The College of Social Work offers a fully accredited two-year graduate professional degree at the master's level (MSSW). The college also offers a graduate program leading to a Doctor of Philosophy in Social Work (PhD) and a program leading to a Doctor of Social Work (DSW). Information concerning graduate programs is given in the College of Social Work Bulletin and also in the Graduate Catalog. Master's degree programs are offered on the campus in Knoxville and in Nashville. The PhD program is offered in Knoxville. The DSW program is offered via distance education.
The Satisfactory/No Credit option is not permitted in the major. The minimum acceptable grade for all social work courses is a C. Courses, other than field, in which a C– or below is achieved may be repeated once. Field courses must be completed with a C or better and may not be repeated.
A student receiving a grade of incomplete (I) in any social work course must remove the Incomplete before enrollment in subsequent field practice.
The maximum credit hours per semester allowed for any student is 19. Special permission is needed for any overload.
uTrack Requirements (for students entering Fall 2013 or later)
Universal Tracking (uTrack) is an academic monitoring system designed to help students stay on track for timely graduation. In order to remain on track, students must complete the minimum requirements for each tracking semester, known as milestones. Milestones may include successful completion of specified courses and/or attainment of a minimum GPA. uTrack requirements only affect full-time, degree-seeking students who first entered Fall 2013 or later. uTrack does not apply to transfer students who enter prior to Fall 2015.
Students admitted to the university may request a faculty advisor from the College of Social Work. Prior to enrolling in upper-division social work courses, students in the college must successfully complete SOWK 200 or SOWK 207 and SOWK 250 with a grade of C or better, have a cumulative grade point average of 2.50 or higher, and have fulfilled most lower-division and General Education course requirements. Students in the college are encouraged to participate in community service and/or volunteer activities at a social service agency in advance of upper division social work course work. Students are advised that several field placement agencies and licensing boards require successfully passing a criminal background check.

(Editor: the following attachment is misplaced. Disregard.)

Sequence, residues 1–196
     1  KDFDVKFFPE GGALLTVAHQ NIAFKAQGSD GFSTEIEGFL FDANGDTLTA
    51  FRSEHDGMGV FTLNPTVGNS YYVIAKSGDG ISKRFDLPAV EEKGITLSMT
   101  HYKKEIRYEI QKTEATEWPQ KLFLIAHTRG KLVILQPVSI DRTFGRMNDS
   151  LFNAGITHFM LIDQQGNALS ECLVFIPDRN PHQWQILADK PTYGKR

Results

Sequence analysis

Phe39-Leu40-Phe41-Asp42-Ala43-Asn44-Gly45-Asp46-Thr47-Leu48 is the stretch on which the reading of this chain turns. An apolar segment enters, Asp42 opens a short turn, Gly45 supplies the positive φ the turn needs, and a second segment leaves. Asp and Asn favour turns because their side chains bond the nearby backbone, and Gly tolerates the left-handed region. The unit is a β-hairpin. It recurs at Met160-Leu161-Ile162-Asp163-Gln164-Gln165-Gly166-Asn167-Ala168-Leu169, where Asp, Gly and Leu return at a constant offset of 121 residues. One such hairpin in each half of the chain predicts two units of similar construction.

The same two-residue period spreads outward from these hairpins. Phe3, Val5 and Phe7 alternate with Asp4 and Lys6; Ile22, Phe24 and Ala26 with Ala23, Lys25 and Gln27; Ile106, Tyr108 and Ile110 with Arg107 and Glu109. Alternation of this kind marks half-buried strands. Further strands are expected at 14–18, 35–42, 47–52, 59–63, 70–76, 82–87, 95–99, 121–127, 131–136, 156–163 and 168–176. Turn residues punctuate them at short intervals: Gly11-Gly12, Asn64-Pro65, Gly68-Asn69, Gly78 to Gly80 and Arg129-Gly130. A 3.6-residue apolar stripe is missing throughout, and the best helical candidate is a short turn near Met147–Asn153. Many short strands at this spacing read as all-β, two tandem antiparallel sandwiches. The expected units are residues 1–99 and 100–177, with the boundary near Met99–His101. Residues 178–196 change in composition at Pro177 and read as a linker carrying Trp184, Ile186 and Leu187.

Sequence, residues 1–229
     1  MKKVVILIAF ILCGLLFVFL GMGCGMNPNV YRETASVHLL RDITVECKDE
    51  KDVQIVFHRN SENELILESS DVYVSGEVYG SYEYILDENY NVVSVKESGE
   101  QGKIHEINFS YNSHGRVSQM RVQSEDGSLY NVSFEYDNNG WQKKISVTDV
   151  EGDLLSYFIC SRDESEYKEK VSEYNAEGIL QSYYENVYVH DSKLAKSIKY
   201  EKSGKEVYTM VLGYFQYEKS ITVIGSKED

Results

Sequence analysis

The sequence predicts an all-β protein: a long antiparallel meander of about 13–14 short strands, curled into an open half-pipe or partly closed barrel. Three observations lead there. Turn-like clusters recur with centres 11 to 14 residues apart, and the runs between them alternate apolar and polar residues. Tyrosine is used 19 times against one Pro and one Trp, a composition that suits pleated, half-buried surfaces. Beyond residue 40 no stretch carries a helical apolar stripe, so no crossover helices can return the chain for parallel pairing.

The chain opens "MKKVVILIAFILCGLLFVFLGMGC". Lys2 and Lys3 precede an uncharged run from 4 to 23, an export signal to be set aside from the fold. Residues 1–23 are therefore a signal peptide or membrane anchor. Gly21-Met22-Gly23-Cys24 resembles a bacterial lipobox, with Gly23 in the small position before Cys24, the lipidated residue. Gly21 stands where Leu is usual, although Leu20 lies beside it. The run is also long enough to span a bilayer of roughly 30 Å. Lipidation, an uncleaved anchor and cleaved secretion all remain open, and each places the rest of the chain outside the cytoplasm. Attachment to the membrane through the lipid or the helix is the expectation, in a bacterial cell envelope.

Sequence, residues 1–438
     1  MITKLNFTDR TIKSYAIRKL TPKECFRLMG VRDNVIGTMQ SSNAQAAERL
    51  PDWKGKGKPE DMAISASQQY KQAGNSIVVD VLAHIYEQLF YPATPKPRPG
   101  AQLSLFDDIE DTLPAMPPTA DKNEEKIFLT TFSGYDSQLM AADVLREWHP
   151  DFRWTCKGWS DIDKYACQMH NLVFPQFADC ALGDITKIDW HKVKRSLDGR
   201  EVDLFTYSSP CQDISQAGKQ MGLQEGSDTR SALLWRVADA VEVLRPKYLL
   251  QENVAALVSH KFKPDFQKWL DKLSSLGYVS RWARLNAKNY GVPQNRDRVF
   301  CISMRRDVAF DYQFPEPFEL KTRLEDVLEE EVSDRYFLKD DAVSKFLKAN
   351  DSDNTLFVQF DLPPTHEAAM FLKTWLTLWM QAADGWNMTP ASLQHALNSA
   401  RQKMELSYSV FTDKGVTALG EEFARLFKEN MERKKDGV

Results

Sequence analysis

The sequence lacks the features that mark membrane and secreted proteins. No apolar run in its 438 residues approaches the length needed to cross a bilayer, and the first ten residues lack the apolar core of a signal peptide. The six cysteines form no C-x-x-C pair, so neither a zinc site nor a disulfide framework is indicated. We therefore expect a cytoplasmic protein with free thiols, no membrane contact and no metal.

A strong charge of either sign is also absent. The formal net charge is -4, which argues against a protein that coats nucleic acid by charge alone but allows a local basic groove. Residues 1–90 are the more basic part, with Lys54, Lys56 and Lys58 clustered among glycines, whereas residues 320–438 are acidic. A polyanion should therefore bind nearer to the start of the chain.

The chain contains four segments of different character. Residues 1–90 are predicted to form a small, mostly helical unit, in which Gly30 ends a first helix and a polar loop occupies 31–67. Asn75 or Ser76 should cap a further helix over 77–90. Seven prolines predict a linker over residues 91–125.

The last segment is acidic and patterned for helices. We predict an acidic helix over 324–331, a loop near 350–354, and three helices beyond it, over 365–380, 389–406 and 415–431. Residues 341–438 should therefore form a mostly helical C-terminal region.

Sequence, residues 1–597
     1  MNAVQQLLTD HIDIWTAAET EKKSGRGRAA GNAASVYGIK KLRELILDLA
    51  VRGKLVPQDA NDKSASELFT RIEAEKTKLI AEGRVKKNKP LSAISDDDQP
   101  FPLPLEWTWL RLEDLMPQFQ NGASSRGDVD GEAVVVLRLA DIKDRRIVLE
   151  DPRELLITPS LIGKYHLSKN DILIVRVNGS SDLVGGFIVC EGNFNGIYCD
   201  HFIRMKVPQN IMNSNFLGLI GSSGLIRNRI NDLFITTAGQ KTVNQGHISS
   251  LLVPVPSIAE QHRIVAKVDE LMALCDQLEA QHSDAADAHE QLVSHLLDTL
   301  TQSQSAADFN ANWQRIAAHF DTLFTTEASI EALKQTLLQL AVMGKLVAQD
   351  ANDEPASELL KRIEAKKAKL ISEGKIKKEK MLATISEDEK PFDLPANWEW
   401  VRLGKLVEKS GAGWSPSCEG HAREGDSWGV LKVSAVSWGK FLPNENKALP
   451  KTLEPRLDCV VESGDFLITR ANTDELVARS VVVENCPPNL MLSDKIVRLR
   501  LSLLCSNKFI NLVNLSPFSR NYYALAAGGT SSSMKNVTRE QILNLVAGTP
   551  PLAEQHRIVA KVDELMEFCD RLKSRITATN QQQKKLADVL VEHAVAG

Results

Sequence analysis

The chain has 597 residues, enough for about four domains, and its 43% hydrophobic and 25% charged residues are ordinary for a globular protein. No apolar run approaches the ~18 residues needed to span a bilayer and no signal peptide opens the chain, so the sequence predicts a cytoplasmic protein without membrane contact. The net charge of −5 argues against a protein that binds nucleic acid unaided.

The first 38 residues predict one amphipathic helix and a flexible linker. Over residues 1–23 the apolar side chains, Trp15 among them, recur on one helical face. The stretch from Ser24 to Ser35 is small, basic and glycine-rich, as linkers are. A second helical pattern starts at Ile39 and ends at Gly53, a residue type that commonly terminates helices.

Any student who has not continued enrollment for at least one semester (excluding summer) or has withdrawn from the university and wishes to re-enroll must complete and submit the application for readmission. Readmitted students who wish to resume their prior major or declare a major must meet first with an academic advisor in the college.
The honors concentration provides highly motivated social work majors with the opportunity to pursue advanced course work and complete a senior research project. All declared social work majors with a cumulative grade point average of at least 3.25 are invited to participate in the honors concentration. To graduate with honors, social work majors must complete 12 hours of honors work including at least 9 hours of social work honors courses. Students completing the honors concentration must take SOWK 417 and SOWK 467 and complete a senior research project. A grade of B or above must be earned in all honors courses and students must maintain an overall grade point average of 3.25. Students are evaluated at the end of each semester. Students with cumulative grade point averages that drop below a 3.25 will incur probationary status and will be given one semester to raise their average above 3.25. Failure to improve one's cumulative grade point average during the probationary semester will lead to dismissal from the honors concentration. Students interested in honors at any level should consult with their academic advisor or the BSSW program director about participation in the honors concentration.